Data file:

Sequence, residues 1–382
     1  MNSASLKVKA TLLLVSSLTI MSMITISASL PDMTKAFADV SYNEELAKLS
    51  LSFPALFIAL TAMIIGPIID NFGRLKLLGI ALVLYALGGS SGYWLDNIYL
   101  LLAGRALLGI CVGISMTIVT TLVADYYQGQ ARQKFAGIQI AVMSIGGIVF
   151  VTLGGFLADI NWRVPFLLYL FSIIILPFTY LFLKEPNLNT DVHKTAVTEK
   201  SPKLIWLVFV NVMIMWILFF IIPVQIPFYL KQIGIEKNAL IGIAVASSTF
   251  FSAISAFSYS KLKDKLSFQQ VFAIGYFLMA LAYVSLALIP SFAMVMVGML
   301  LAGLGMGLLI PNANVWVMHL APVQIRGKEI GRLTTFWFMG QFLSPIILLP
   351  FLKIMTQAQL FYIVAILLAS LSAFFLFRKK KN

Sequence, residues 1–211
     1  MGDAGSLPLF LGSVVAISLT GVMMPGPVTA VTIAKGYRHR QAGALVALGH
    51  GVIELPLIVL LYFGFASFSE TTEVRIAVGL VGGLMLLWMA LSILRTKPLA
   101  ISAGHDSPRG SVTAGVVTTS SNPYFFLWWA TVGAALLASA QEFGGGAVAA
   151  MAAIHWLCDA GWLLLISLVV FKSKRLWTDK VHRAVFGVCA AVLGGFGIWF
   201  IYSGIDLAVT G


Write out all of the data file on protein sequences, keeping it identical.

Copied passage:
Sequence, residues 1–382
     1  MNSASLKVKA TLLLVSSLTI MSMITISASL PDMTKAFADV SYNEELAKLS
    51  LSFPALFIAL TAMIIGPIID NFGRLKLLGI ALVLYALGGS SGYWLDNIYL
   101  LLAGRALLGI CVGISMTIVT TLVADYYQGQ ARQKFAGIQI AVMSIGGIVF
   151  VTLGGFLADI NWRVPFLLYL FSIIILPFTY LFLKEPNLNT DVHKTAVTEK
   201  SPKLIWLVFV NVMIMWILFF IIPVQIPFYL KQIGIEKNAL IGIAVASSTF
   251  FSAISAFSYS KLKDKLSFQQ VFAIGYFLMA LAYVSLALIP SFAMVMVGML
   301  LAGLGMGLLI PNANVWVMHL APVQIRGKEI GRLTTFWFMG QFLSPIILLP
   351  FLKIMTQAQL FYIVAILLAS LSAFFLFRKK KN

Sequence, residues 1–211
     1  MGDAGSLPLF LGSVVAISLT GVMMPGPVTA VTIAKGYRHR QAGALVALGH
    51  GVIELPLIVL LYFGFASFSE TTEVRIAVGL VGGLMLLWMA LSILRTKPLA
   101  ISAGHDSPRG SVTAGVVTTS SNPYFFLWWA TVGAALLASA QEFGGGAVAA
   151  MAAIHWLCDA GWLLLISLVV FKSKRLWTDK VHRAVFGVCA AVLGGFGIWF
   201  IYSGIDLAVT G